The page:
17 November 2011

O, but to stab the heavens; if only to bring glory spilling earthward; raining on redeemed and lost alike

During the last few months that I lived in Baltimore, I happened into some work that often involved having to travel down to job sites in the D.C. 'burbs. I had a foreman who was from Boston, and he designated me to drive the van because he claimed I made better time in traffic than anyone else on the crew. And about that traffic -- it meant having to navigate the Beltway during rush hours each day. It was a pain in the ass, because the Beltway's always mad congested, and for whatever reason people in the D.C./Baltimore area drive like morons.

At any rate, our various routes often had us traveling counterclockwise along the northern stretch of the Beltway during the morning leg. There's a point roughly around Silver Spring where you come upon the enormous Mormon temple in Kensington, MD. It's situated a short distance from the expressway, and as you round the bend the thing suddenly comes into view, looming over the trees like some massive doom fortress. Its broad sprawling blockiness and sweeping verticality, its stark white facade and rigid fenestration, and the tall, thin spires severely piercing upwards in the morning sun like massive gleaming icepicks.

A coworker told me that the thing inspired a routine act of vandalism. Strategically placed across a railway overpass that you drive under just as the temple comes into view, someone repeatedly spray-painted the words, "SURRENDER, DOROTHY."

No matter how many times the graffiti got scrubbed away, it would always reappear shortly thereafter, over and over again throughout the years. Here's an Associated Press photo of that juncture of road circa sometime in the 1980s, graffiti intact...

This article on the thing purports to tell the story of the origin of the graffito in question. Supposedly the thing reminded someone of the Emerald City in The Wizard of Oz. I'm more inclined to say it possesses some of the qualities of the witch's castle, perhaps because I kept expecting to see winged monkeys come flying out of the thing. Hulkingly oppressive to the point of being ghastly -- very much a textbook example of authoritarian/fascist architecture. More specifically, at first sight it struck me as distinctly Stalinist in style.*  Wasn't sure why where that impression came from, perhaps because it reminded me of some other building of that type that I'd seen before.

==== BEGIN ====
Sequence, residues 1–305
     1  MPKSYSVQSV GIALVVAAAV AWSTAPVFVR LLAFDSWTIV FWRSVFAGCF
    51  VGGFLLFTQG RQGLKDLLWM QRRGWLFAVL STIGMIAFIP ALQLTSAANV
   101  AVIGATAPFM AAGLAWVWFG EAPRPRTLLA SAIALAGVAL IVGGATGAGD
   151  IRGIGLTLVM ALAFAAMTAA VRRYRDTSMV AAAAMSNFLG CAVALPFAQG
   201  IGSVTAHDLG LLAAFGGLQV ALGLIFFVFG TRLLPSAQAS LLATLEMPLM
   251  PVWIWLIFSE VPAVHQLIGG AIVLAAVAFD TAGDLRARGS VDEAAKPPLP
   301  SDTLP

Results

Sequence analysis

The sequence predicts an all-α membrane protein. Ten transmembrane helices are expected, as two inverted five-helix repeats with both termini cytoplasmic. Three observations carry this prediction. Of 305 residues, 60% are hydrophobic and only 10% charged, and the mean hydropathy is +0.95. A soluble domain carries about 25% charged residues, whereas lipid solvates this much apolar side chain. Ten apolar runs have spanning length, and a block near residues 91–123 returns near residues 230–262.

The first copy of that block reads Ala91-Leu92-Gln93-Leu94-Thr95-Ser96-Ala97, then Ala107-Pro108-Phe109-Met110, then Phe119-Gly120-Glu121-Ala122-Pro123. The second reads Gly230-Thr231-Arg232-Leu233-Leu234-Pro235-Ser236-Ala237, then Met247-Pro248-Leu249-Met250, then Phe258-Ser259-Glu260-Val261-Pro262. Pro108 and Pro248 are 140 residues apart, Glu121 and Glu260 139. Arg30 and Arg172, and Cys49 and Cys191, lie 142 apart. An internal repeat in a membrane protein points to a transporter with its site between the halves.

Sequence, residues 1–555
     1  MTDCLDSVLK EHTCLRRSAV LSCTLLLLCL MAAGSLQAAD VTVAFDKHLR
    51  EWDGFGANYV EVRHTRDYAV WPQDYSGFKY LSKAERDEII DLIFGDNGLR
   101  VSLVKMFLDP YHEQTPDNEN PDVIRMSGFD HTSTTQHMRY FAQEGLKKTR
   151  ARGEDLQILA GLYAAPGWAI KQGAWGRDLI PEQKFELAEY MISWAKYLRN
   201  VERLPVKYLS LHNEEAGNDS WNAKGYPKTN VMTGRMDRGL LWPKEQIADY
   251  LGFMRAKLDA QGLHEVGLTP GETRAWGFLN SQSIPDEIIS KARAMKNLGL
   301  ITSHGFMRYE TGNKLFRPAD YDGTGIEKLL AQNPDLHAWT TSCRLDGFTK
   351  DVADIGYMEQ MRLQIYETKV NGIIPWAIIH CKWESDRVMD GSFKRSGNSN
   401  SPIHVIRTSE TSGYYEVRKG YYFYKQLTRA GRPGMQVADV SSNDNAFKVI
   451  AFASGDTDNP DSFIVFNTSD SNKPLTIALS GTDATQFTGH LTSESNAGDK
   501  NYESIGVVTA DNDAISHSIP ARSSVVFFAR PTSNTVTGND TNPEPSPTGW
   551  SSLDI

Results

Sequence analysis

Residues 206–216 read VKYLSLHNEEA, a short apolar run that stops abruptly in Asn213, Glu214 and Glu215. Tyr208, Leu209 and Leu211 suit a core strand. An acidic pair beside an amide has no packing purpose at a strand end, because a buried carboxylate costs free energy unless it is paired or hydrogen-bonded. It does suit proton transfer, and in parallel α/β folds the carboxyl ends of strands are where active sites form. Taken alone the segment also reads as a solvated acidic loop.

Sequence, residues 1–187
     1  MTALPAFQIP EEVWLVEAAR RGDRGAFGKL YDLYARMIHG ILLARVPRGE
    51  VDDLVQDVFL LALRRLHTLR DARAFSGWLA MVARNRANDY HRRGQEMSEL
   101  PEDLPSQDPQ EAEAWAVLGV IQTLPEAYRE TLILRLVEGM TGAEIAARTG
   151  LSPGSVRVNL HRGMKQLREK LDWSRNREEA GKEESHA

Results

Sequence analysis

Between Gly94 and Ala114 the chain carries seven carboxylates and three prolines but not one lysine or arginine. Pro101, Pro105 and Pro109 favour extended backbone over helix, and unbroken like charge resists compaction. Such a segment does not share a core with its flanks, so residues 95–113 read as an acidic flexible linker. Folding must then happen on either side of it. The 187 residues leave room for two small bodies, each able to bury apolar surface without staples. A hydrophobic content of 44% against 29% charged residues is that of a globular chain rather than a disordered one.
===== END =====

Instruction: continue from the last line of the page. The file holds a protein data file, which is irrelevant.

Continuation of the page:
Yeah, turns out it did. Here we go, got it...

Lomonosov Moscow State University -- the main building, built circa 1949. Tsk.

Incidentally, there's an elaborate Bahá'í temple in the North Shore 'burbs of Chicago that's honkingly spectacular. When we happened across it years ago, the ground view level prompted wifey to comment that it reminded her of a gigantic wedding cake. The building makes an appearance in Henry Miller's The Air-Conditioned Nightmare, during the Chicago portion of the travelogue, when Miller's guide leads him to the site late one night when the temple was still under construction.

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* Or, as Eddie Izzard might have it, it's a bluechip epitome of the Big Fuck-Off Stalinist School of Architecture.

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